One of the things I’ve become highly interested in is photography. Now, I’ve always been interested in that, but I’m thinking about it and learning about it more and more. All of the sudden my digital camera has become inconvenient; it doesn’t do the things that I want it to anymore. And while any great photographer will tell you that what matters is the photographer, not the camera, you also don’t see any of them walking around with a $300 kodak digital. There’s a reason for that. Couple with that, you all know that Photoshop has become a big hobby of mine, and I would love to really delve into the professional photography world. At least partially.

Finally, I want to punch every global-warming-touting writer, politician, and public figure in the mouth. Right square in the teeth. This global warming thing is so utterly ridiculous, and yet somehow it seems the entire world has bought into this piece of pseudo-science which has not a single empirical shred of evidence to support it. They’ve somehow convinced the general public that the earth is in a warming trend, even though thermometers have only been around since the 19th century (technically, Galileo invented a thermoscope in 1593, but there was no standard of measure, they could only make subjective measurements. Daniel Fahrenheit wasn’t even born for another 100 years, and it was really in the 1800s that standards of measure, and thus temperature records, even became available). That’s like measuring a pot of boiling water for 10 seconds, and then declaring that you have a complete record of the water’s temperature, from the time it left the faucet until the present. Scientists have no idea how hot it was in the 14th century, the 2nd century, or in 2000 B.C. In our ten seconds of temperature readings, it is possible that the earth’s climate has warmed slightly. But there’s absolutely no way of proving empirically that this is different than the entire rest of the Earth’s history. Everything else in nature is cyclical, and it only makes sense that the Earth’s temperature would be as well.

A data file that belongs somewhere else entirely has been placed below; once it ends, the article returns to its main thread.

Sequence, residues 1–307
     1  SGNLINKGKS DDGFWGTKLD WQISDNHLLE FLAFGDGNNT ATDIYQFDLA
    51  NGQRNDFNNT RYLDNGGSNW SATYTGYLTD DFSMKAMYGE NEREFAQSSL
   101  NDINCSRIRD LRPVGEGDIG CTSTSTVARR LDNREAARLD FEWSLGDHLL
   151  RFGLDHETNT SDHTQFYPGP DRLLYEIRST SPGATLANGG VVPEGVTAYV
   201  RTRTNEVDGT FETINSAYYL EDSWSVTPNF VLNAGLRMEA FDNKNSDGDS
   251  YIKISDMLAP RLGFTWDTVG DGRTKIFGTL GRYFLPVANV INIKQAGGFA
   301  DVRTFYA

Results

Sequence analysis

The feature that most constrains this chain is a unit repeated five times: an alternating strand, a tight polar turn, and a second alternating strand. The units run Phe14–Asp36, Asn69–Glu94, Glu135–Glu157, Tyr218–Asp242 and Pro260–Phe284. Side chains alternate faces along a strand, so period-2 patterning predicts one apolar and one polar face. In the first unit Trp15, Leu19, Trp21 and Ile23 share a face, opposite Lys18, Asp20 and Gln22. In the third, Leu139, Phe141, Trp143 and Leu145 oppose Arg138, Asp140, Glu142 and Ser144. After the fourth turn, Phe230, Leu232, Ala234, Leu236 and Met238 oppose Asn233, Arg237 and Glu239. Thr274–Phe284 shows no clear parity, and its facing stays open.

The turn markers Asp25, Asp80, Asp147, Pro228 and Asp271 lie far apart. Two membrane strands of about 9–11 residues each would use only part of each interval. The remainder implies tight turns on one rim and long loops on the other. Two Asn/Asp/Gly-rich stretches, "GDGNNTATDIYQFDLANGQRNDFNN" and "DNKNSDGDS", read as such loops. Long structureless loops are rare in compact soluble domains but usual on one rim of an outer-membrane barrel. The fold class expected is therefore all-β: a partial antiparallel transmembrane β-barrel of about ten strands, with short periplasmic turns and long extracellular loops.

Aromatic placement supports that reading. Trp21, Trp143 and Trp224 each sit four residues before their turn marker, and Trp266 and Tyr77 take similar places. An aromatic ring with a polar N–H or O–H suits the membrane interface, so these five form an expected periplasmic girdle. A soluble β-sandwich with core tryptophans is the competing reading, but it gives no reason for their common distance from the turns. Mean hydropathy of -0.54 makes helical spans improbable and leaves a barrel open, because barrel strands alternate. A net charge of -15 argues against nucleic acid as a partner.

This doesn’t mean that we shouldn’t work harder to protect the environment. I think it’s great that we’re considering being conscious about protecting the environment. That’s really all we’re doing is considering, because if we actually were being conscious things would have changed by now. But you have to start somewhere. I just fear the day, which I think is probably inevitable (unless Americans manage to piss off the final 10% of the world and they all team up to kill us, which given the current state of our foreign politics seems increasingly likely), when Democrats and their big government dictate to us what we can and can’t drive, can and can’t own, can and can’t do. It could even be Republicans, seeing as how they don’t seem to really stand for small government anymore, either. But it will probably happen some day. And in the words of Padme (that’s Princess Leia’s mom) in Star Wars: Episode III,

“So this is how liberty dies… with thunderous applause.”